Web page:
Oxen launch a new career for farmer
The history of oxen is of great interest to Juniata County’s Doug Drewes. And, it turns out, he is not the only one to find it entertaining.
Drewes, a former bison and Hereford cattle farmer, regularly travels with 6,000 pounds of oxen across the state of Pennsylvania to educate people about the animal at fairs and other events.
“It started as a hobby, almost a dare,” Drewes said about his decision seven years ago.
While visiting an antique show in Centre County, he came across an older gentleman who was demonstrating with two oxen, sharing the history of the animal.
“He was just a little guy standing next to them,” Drewes said about the man, Abe Alebach of Centre County. “I was like a 13-year-old kid, asking all kinds of questions.”
After a lengthy discussion and Drewes revealing his experience with cattle, Alebach invited him to visit his farm.
Alebach began helping Drewes start his own program with oxen, and suggested he head to Lebanon County to buy two calves.
Drewes realized that the average person is unfamiliar with the definition of an ox. The most common question he receives is people asking him if he breeds oxen.
“They are a bovine which is castrated and trained to work,” Drewes said. He said few people realize an ox is always castrated male cattle.
Drewes works with Brown Swiss and Holstein breeds.
“(These breeds) are very forgiving. The downfall with the (Brown) Swiss is that they are very slow,” he said.
Drewes started working with the animals at two days old, bottle feeding them and getting them acclimated to him.
Drewes’ two oxen, Yule and Lee, made their first public appearance at the 100th anniversary of the Pennsylvania Farm Show a few years ago. As part of a parade of the state’s history of farming, Drewes and his two oxen opened the show.
“That day was the launch of the educational career,” he said, because afterwards, viewers couldn’t stop asking him questions.
“I really enjoy the history of the ox,” Drewes said, and that has become the focus of every appearance he does with Yule and Lee.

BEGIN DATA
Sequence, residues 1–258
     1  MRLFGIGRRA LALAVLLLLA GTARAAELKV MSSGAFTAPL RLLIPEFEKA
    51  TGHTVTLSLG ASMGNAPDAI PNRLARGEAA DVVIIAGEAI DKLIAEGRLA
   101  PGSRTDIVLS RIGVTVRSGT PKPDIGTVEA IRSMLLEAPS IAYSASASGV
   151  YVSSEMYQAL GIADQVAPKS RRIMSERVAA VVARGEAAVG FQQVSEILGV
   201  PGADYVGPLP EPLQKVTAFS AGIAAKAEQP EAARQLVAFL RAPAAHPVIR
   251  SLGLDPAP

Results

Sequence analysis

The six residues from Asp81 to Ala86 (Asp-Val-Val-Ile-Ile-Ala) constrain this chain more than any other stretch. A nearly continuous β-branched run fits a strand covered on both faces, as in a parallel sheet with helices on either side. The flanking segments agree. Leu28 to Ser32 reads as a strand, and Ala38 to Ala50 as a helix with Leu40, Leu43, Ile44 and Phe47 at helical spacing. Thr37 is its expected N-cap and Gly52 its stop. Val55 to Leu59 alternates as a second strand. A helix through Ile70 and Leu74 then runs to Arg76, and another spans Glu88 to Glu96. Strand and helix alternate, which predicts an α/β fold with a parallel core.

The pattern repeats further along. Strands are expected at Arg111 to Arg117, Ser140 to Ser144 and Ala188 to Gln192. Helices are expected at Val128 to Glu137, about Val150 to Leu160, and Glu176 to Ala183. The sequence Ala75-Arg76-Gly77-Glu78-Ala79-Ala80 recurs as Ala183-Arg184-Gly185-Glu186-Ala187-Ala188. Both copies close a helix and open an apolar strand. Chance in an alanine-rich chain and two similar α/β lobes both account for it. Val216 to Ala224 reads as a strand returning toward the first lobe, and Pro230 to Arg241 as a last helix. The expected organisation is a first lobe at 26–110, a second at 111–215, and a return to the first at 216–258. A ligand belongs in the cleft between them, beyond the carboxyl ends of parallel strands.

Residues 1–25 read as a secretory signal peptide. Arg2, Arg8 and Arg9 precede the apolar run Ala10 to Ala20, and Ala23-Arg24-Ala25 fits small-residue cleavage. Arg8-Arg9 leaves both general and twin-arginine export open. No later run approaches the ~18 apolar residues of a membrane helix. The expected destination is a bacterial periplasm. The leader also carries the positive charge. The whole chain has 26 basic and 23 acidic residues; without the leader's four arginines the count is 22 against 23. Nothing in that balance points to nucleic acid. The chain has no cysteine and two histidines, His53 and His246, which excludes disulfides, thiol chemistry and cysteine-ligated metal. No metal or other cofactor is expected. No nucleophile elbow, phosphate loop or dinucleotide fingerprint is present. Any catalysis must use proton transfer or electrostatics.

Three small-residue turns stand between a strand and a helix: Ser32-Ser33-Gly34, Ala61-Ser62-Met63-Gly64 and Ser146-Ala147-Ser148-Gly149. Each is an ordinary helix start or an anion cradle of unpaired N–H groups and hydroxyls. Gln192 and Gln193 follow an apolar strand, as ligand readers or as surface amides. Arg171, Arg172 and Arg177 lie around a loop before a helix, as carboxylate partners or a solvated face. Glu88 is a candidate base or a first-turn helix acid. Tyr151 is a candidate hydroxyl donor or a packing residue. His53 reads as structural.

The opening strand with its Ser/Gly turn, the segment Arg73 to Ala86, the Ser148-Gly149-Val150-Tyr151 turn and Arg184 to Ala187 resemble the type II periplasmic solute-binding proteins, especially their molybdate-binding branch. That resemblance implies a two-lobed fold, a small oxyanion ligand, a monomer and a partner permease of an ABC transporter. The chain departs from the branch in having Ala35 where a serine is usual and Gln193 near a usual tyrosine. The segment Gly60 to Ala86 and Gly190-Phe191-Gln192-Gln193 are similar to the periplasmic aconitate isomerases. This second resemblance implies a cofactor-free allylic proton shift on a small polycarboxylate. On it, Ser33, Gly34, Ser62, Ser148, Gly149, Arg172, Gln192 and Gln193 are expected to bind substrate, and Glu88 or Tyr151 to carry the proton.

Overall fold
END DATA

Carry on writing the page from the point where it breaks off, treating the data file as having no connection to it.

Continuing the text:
Drewes said oxen are mentioned in the Bible 26 times, for example.
But it is the American history and the bovine that intrigues people the most.
“They dragged logs out in the early days of the Northeast. They were slow and methodical. They are considered a draft animal, but slower,” Drewes said.
The analogy of the ox is that they are the “poor man’s horse,” from early America days when settlers were trying to get their homes built and start some farming.
Oxen are typically trained until they are at least 4 years old, before they are used for working jobs.
“If you worked them too young, there was damage to their bone structure,” Drewes said.
Drewes also said it was the job of children in the early days to train the oxen, which weighed thousands of pounds. The father would then take the oxen to the field when they were trained.
Drewes’ two trained oxen each weigh 3,200 pounds. They are 6 feet, 3 inches tall, at the hip.
“I had asked Abe in the beginning, how much do you feed them?” Drewes said, adding that Abe never gave a concrete answer. He would make Drewes think.
Finally, Abe told Drewes, “When they are full, they will stop.”
And, Drewes said, it’s true. When the animal has enough, he backs away. He does not just eat and eat continuously.
Drewes has two additional oxen on his farm besides Yule and Lee that he is currently training, and he also has two yearlings on his farm. He still has some Hereford cattle and chickens on the farm as well.
Yule and Lee are laid back, friendly animals who are not normally aggressive.
Another common question Drewes gets asked is whether all oxen are as approachable as Yule and Lee.
“The answer is no,” Drewes said, “Most of them want to kill you.”
The key to keeping the animal peaceful is to start working with them immediately after birth. Drewes started with Yule and Lee at two days old, and began putting them in scenarios to desensitize them. As newborns, Drewes allowed the calves to be embraced by people in his family so they would get used to the presence of humans in their face. He would wave plastic bags near them so that they would not fear such objects blowing in the wind nor react with terror and frantic movements.
The training process is continual as the oxen learn Drewes’ voice and respond to his commands. Drewes has a whip to direct them.
“I do not whip them,” he said.
If one of the oxen tips his horn toward a person in a defensive reaction, Drewes puts up his hand and sternly says “No!”
The oxen returns to his normal position.
“He knows I’m his security blanket,” Drewes said. The oxen are trained to stay perfectly in one spot because Drewes commanded them to stay. He is able to walk several yards away and return with Yule and Lee still standing at attention.
The oxen are also popular with women, he said, because females tend to be gentle when they approach the animals and enjoy just oohing and ahhing over them. Drewes often warns young men not to approach the oxen aggressively. Men have a tendency to try to roughly handle the oxen or grab their horns.
“That approach will just make them want to fight,” he said.
“Ninety percent of what I do with them is education. The shows I do really aren’t so much about entertainment, but living history,” Drewes said.
He gives commands at the shows and the oxen obey. The animals then receive praise from Drewes.
He then explains why these massive animals can be docile.
“I use a lot of psychology with these guys,” Drewes said, “It is so cool that I get to train them.”
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